B.C.’s fire-reduction strategy misses mark

Wildfires cost British Columbia more that just the suppression expenses; studies show that total costs including home and business losses and human health can be two to 60 times the sums of fighting the fires. Photograph by: Bruce Edward
Wildfires cost British Columbia more that just the suppression expenses; studies show that total costs including home and business losses and human health can be two to 60 times the sums of fighting the fires.
Photograph by: Bruce Edward

Gil found this post and was looking for the thread on fire costs, but I thought it was worthy of a separate post. I think it’s interesting because they have more industry and management, and the policy barriers they see are completely different from ours. Yet, they face the same problem of it taking money to treat landscapes and fight fires.

Here is the link and below is an excerpt:

Other jurisdictions in North America are going through similar exercises in cost-cutting of prevention activities in an attempt to rein in public spending. Not surprisingly, this short-sighted approach has the opposite effect of the one intended when it comes to the cost of wildfires.

First of all, wildfires cost much more than we have long thought. British Columbia taxpayers spend, on average, approximately $140 million on fire suppression (even though the province only budgets $65 million every year). Researchers throughout North America have looked at all the other costs associated with an individual wildfire, such as home and business losses, erosion mitigation, human health and damage to natural resources, and found that actual costs can range from two to 60 times the suppression cost.

On one particular wildfire in California the fire suppression bill was only $48 million while the total bill, which can often take a decade or more to realize, was $1.2 billion.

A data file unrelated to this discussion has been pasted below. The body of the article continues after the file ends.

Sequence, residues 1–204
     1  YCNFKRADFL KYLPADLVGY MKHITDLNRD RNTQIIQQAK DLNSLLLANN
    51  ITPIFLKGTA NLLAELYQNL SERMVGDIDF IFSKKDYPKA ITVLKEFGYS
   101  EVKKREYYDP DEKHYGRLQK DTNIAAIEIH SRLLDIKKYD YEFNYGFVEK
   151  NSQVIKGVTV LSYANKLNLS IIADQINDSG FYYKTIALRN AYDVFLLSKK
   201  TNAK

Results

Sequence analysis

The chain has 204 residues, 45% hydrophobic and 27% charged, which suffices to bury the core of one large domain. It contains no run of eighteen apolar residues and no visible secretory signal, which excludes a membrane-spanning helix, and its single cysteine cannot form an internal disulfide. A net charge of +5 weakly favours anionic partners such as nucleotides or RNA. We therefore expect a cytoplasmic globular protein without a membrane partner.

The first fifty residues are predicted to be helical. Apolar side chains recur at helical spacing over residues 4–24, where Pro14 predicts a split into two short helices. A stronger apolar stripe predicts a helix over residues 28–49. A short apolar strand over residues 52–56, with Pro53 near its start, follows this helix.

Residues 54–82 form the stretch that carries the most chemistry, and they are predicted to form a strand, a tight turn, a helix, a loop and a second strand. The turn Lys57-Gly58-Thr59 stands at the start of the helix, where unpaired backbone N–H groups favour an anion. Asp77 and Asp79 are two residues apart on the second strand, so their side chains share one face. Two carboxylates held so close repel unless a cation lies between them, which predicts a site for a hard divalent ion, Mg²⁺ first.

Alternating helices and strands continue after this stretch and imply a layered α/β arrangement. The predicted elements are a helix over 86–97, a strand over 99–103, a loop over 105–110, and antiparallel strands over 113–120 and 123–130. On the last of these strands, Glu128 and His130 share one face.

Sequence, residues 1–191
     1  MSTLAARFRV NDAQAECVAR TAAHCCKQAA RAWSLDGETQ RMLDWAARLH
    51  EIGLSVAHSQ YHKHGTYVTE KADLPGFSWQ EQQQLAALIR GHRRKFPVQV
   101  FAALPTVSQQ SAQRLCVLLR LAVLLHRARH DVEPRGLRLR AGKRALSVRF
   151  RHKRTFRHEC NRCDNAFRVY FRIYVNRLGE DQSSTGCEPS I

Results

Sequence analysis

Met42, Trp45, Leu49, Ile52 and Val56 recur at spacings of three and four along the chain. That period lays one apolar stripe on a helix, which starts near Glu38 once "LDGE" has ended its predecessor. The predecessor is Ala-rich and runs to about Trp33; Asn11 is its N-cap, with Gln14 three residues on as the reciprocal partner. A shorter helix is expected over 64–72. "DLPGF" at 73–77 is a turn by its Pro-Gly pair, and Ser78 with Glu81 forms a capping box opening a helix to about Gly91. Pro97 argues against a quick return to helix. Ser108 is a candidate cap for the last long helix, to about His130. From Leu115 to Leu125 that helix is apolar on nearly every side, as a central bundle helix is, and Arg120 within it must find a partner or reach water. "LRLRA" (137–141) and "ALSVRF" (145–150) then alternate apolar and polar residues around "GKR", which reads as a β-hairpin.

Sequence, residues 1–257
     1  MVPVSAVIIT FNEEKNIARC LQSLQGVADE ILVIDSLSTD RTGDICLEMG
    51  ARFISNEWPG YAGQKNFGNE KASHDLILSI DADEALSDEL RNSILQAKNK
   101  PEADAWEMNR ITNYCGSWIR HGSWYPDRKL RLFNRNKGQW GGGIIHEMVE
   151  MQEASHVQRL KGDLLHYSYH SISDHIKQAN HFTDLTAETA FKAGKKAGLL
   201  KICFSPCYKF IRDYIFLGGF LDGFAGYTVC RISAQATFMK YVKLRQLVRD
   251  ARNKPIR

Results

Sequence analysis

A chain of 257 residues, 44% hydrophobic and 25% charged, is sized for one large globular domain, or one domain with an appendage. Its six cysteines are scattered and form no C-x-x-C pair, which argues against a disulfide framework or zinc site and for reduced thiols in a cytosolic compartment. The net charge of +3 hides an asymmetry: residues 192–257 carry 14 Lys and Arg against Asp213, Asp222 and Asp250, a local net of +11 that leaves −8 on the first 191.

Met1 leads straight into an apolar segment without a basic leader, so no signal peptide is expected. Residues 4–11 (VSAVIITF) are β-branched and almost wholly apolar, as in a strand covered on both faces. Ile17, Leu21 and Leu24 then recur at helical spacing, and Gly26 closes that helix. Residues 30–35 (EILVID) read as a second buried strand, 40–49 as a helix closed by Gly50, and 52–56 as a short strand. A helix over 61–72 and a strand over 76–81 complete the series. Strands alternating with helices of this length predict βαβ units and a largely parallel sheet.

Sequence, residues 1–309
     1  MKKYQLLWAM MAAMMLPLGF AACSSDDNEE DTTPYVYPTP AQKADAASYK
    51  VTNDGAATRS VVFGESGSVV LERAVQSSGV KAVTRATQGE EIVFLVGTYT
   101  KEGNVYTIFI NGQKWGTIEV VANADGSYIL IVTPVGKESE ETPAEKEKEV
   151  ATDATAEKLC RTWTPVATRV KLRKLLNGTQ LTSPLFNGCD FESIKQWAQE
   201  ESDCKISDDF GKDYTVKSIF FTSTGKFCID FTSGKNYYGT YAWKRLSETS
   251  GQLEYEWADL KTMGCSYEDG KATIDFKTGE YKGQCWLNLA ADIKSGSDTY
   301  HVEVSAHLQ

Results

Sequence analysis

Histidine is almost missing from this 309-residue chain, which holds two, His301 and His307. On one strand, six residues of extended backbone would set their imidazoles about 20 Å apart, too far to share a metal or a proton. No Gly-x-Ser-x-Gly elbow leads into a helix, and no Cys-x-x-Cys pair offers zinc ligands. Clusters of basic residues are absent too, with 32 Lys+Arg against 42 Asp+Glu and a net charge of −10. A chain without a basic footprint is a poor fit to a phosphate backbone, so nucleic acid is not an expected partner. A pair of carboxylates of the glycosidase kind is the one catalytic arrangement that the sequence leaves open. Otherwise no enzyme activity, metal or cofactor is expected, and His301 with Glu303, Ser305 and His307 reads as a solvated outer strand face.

Secondly, when it comes to spending money on hazard reduction activities, an ounce of prevention really is worth a pound of cure. A recent study published by Northern Arizona University concluded that investments in hazard reduction activities had a significant impact on fire behaviour and total cost.

The authors contend that hazard reduction treatments applied at the broader, landscape-scale were more desirable than treatments that are only applied in the WUI.

Researchers found that WUI-only treatments leave the landscape around communities vulnerable to large, severe, and expensive mega-fires that often result in significant social, environmental, and economic impacts.

This last point is worth discussing in the context of B.C.’s approach to reducing wildfire threat to communities.

The approach advocated by the province is to focus attention on only a narrow two-kilometre buffer around communities and within that narrow buffer on only those stands rated as high to extreme hazard of crowning (fire spreading through the tops of trees as well as along the forest surface), thus resulting in a patchwork of small, dispersed, treated and untreated stands surrounding vulnerable communities.

In contrast, other jurisdictions, such as Alberta, recommend treating the area within 10 kilometres of a community.

Another important point from the NAU study is the importance of linking areas treated versus treating a patchwork of smaller stands; exactly the opposite of the B.C. strategy, which prioritizes funding for the treatment of high- or extreme-hazard stands above all others. The B.C. strategy may be a valid for small fires that start in the WUI, can be hemmed in by a network of roads combined with some small hazard reduction treatments and be quickly attacked and suppressed by local and provincial firefighting resources.

Unfortunately, the reality is that fire behaviour and effects of large, landscape fires that make a run at communities, such as Barrier-McClure, Okanagan Mountain Park, Slave Lake, and Waldo Canyon, are little affected by small, dispersed treatments.

In fire management, we are dealing with dynamic ecological systems and a stand classified as low or moderate hazard today will eventually be classified as high or extreme hazard in the not too distant future. In other words, better to treat the whole landscape instead of just parts of it.

It’s not clear why the province’s limited approach to wildfire hazard reduction is being employed when research points to broader treatments as ultimately more effective at protecting communities and community interests on the larger landscape.

Perhaps the province is simply trying to avoid having to address two very significant policy and political issues: the province’s traditional approach to Annual Allowable Cut determination and tenure system administration.

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